UC Davis professor John Marx
John Marx, Faculty Adviser to the Provost — Academic Planning, Aggie Square. Karin Higgins/UC Davis photo

Aggie Square is our university’s new front door

Continuing and Professional Education leads the way

By John Marx

We’re building a new front door to UC Davis at Aggie Square, a new entry point for students who haven’t found their way to our college-town campus but who deserve a shot at the kind of social mobility that is the university’s trademark.   

Our Continuing and Professional Education team – the workforce development arm of the university - is leading the way. They are organizing a collaborative network to anticipate the changing job market in Northern California and help students get ready to thrive in it. 

The “Life Sciences Workforce Training Collaborative” will be a new feature of Continuing and Professional Education (or CPE for short) that takes full advantage of the university, city of Sacramento, and industry partners coming together to invent Aggie Square. 

As much as CPE is helping to ensure Aggie Square makes a social impact that benefits Sacramento and the region, Aggie Square is helping CPE make UC Davis an even more innovative institution of higher education. 

In a proof of concept, CPE is planning now for a certificate program in Cell and Gene Therapy Manufacturing. The notion for this program “emerged from conversations with the city, faculty and industry partners,” reports Dr. Jen Greenier, who is overseeing the certificate’s development. It builds on “work already being done by the UC Davis Stem Cell Program to train junior investigators, graduate students and even high school students in a summer course.”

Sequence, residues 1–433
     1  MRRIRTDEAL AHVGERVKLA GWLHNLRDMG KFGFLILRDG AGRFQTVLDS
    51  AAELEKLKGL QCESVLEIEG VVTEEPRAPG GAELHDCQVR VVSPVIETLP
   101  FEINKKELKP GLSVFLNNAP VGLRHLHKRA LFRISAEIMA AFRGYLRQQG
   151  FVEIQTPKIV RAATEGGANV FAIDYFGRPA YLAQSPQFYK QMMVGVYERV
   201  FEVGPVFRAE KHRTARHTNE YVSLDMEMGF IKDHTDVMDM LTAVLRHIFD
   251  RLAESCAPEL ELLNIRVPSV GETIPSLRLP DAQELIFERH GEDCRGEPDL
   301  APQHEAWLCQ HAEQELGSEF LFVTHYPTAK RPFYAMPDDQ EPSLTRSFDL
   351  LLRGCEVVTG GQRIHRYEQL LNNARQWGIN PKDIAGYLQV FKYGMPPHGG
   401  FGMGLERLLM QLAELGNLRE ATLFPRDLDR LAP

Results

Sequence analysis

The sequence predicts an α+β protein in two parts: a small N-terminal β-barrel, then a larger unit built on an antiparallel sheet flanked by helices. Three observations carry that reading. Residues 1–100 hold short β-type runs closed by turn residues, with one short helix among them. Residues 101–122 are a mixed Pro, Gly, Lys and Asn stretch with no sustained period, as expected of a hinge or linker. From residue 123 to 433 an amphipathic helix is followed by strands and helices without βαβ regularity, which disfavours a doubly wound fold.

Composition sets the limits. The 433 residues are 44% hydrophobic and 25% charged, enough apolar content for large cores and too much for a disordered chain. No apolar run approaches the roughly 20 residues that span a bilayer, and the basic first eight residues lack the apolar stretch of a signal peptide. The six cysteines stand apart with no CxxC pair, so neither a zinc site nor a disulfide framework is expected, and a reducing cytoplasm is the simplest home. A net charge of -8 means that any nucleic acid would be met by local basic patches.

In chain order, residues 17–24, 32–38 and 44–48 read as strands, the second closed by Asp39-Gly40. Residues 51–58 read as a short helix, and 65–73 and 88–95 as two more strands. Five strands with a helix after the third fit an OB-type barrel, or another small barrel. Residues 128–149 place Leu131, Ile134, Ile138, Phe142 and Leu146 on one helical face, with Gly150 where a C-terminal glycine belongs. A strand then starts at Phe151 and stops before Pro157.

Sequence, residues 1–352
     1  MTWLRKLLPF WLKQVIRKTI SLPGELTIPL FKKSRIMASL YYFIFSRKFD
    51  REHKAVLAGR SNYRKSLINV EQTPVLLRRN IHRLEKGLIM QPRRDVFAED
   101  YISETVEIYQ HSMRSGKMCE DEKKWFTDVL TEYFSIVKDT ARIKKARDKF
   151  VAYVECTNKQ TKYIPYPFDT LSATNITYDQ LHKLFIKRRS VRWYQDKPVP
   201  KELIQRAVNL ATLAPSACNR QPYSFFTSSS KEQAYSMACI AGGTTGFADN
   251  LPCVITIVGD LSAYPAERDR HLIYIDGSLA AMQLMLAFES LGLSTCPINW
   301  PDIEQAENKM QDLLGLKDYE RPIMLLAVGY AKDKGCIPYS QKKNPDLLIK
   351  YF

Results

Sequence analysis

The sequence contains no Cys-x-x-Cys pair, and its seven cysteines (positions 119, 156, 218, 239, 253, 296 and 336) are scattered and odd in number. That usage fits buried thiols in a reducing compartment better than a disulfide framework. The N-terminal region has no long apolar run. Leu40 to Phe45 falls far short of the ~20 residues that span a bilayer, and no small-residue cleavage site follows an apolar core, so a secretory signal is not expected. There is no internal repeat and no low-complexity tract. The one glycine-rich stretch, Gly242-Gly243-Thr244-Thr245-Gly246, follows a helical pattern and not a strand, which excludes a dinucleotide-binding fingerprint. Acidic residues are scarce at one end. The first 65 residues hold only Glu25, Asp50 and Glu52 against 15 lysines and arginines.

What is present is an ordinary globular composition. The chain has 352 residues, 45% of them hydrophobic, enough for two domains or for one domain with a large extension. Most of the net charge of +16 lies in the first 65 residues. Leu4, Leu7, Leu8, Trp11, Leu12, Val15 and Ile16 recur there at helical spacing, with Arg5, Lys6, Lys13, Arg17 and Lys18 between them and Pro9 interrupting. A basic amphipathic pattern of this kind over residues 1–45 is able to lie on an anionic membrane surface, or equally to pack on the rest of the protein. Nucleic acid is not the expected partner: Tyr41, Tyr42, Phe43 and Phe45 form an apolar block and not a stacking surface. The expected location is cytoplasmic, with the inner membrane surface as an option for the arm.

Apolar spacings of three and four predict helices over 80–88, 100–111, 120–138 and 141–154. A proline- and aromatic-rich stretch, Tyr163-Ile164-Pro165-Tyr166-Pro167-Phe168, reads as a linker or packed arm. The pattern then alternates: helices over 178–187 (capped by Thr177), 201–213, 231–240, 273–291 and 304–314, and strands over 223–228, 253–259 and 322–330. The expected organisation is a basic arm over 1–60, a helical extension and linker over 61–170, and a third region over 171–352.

The certificate program adds a vital missing piece between high school and Ph.D.: training for what are called “middle skills” jobs that are specialized but do not require a college degree. “Community college students who are interested in biotechnology careers, as well as veterans and incumbent and displaced workers from other industries wanting to retool for the biotech industry,” may all find the certificate appealing, Greenier says.

In and of itself, the certificate program suggests how the job ecosystem in Sacramento is changing, and will continue to change, as Aggie Square gets constructed and new industry players come on board. Cell and gene therapy is a growing area of research on the UC Davis health campus, and the potential for life-saving treatments coming out of it is substantial. You can see, I hope, how our university’s research, outreach and educational missions come together here. 

If the certificate is important, the network of collaborators getting generated along with it is game-changing. The Life Sciences Workforce Training Collaborative will link up regional partners to form what CPE Dean Susan Catron calls a “sustainable infrastructure for the development of innovative and industry-responsive skills training in the life sciences.”